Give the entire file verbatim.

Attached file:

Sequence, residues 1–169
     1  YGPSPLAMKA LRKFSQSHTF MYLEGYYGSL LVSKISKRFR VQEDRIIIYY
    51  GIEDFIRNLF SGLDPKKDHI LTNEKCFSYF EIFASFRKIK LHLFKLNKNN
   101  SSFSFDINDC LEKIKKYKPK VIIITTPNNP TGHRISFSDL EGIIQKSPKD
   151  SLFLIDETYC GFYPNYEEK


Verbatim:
Sequence, residues 1–169
     1  YGPSPLAMKA LRKFSQSHTF MYLEGYYGSL LVSKISKRFR VQEDRIIIYY
    51  GIEDFIRNLF SGLDPKKDHI LTNEKCFSYF EIFASFRKIK LHLFKLNKNN
   101  SSFSFDINDC LEKIKKYKPK VIIITTPNNP TGHRISFSDL EGIIQKSPKD
   151  SLFLIDETYC GFYPNYEEK